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William Shatner hits the edge of space, but why can't space stocks follow

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Blue Origin manages to get Star Trek actor William Shatner to the edge of space and back, so why are space stocks stuck on the launch pad. With CNBC's Melissa Lee and the Fast Money traders, Guy Adami, Steve Grasso, Bonawyn Eison and Pete Najarian. For access to live and exclusive video from CNBC subscribe to CNBC PRO:

Jeff Bezos’ Blue Origin launched its New Shepard rocket for the fifth time this year on Wednesday, and with Canadian actor William Shatner joining the company’s second crewed spaceflight to date.

Called NS-18, this New Shepard mission carried a crew of four: Shatner, Blue Origin VP of mission and flight operations Audrey Powers, Planet Labs co-founder Chris Boshuizen and Medidata co-founder Glen de Vries.

Liftoff occurred at about 10:50 a.m. ET.

Shatner, who famously played Capt. Kirk in the original “Star Trek” television series, is now the oldest person to fly into space, at 90. The record was previously held by aerospace pioneer Wally Funk, who at 82 flew on Blue Origin’s first crewed launch in July.

The rocket launched from Blue Origin’s private facility in West Texas, reaching above 100 kilometers (or more than 340,000 feet altitude) before returning to Earth safely a few minutes later. From start to finish, the launch lasted about 11 minutes. The crew experienced about three minutes of weightlessness.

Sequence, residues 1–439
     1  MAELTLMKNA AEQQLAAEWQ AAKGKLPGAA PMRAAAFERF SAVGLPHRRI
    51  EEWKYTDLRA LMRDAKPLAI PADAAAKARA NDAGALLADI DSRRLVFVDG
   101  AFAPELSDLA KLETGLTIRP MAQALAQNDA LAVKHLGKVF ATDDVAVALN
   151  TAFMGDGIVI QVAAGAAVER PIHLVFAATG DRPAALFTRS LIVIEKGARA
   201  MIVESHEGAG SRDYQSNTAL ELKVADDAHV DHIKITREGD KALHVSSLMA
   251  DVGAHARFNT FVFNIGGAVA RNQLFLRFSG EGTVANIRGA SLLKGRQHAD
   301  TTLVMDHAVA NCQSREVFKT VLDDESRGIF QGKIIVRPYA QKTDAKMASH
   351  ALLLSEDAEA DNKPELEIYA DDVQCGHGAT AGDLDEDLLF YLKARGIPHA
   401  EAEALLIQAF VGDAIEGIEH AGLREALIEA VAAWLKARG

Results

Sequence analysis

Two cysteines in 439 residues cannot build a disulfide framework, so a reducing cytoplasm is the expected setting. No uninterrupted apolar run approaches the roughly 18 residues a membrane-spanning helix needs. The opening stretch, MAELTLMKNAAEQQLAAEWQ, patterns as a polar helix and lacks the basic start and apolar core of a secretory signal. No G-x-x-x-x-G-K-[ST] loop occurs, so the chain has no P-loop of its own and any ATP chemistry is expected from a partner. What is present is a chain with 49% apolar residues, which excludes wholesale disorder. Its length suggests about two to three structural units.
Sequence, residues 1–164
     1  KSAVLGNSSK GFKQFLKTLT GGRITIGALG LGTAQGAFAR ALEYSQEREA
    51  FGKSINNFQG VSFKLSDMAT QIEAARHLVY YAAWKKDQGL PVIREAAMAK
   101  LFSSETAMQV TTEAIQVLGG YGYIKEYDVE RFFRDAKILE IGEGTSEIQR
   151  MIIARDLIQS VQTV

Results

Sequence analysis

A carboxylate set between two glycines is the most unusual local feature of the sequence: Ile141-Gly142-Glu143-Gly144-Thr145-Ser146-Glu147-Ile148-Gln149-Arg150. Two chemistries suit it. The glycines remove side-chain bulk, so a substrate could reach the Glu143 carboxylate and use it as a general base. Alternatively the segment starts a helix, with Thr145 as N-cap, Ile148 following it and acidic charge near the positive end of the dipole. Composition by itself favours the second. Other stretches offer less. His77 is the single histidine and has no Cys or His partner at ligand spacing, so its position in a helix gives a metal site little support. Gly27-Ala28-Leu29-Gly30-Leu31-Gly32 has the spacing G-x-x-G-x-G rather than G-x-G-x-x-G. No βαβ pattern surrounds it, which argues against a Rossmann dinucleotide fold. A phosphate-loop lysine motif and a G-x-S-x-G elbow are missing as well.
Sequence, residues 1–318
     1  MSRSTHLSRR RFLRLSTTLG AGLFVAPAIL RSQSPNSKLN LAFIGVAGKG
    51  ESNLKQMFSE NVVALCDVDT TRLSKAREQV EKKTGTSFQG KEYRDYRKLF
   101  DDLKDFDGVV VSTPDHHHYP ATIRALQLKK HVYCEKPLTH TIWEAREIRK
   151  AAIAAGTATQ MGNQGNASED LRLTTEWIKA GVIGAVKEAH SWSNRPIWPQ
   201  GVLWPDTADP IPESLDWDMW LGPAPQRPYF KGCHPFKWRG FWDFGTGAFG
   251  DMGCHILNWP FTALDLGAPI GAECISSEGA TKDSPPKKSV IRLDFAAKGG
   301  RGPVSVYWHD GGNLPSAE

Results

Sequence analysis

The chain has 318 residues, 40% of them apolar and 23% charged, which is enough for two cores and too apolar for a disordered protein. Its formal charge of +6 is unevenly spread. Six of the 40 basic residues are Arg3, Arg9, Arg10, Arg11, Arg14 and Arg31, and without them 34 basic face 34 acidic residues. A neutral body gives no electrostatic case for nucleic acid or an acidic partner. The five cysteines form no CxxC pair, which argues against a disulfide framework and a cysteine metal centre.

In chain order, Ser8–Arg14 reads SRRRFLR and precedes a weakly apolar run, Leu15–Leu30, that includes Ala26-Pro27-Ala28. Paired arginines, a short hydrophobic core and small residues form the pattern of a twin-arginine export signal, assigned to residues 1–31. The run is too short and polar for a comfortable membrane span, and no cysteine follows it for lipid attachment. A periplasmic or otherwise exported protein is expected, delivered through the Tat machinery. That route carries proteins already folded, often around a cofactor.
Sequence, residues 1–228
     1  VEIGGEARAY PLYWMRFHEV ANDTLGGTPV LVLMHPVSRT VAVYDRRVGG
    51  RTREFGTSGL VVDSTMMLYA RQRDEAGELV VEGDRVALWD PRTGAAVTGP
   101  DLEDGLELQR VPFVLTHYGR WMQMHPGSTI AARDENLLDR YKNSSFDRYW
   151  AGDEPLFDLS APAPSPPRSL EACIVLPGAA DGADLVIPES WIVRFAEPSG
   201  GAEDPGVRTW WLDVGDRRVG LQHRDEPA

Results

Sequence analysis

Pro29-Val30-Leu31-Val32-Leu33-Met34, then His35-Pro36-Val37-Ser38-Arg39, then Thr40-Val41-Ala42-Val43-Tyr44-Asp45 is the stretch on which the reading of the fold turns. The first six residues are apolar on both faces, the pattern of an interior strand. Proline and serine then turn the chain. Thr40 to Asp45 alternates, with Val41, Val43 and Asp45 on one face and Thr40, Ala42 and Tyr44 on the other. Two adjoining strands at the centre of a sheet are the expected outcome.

New Shepard’s capsule accelerated to more than three times the speed of sound to pass beyond the 80 kilometer boundary (about 50 miles) the U.S. uses to mark the edge of space. The capsule is flown autonomously, with no human pilot, and returned under a set of parachutes to land in the Texas desert.

The New Shepard rocket booster is also reusable, and landed on a concrete pad near the launch site. NS-18 was the fourth launch and landing for this booster.

The company also flies New Shepard on cargo missions, such as the one in August, which carry research payloads in the capsule.

Blue Origin founder Bezos flew on the company’s first crewed spaceflight in July on a mission that marked his company’s entrance into the sector of suborbital tourism, where it competes with Richard Branson’s Virgin Galactic. Also in the private space tourism market is Elon Musk’s SpaceX. The company’s Crew Dragon capsule flies into orbit – many times the altitude of Blue Origin and Virgin Galactic’s spacecraft – and spends days in space, rather than minutes.

While Bezos said that Blue Origin has sold nearly $100 million worth of tickets to future passengers, the company has not disclosed the price of a seat on New Shepard.

The company’s latest crewed spaceflight comes as the Federal Aviation Administration reviews safety concerns raised by current and former employees in an essay published last month. Blue Origin CEO Bob Smith, in an email obtained by CNBC, responded to the safety allegations by saying the company’s New Shepard program “went through a methodical and pain-staking process to certify” the rocket to carry people, adding that “anyone that claims otherwise is uninformed and simply incorrect.”

Blue Origin is suffering from escalating employee attrition, CNBC reported earlier this month. Departures include the New Shepard program’s senior vice president in August.

Powers, whose role includes overseeing New Shepard program safety, was notably invited by Bezos and Blue Origin’s senior leadership as the fourth and final member of the NS-18 crew to be a representative for the company.

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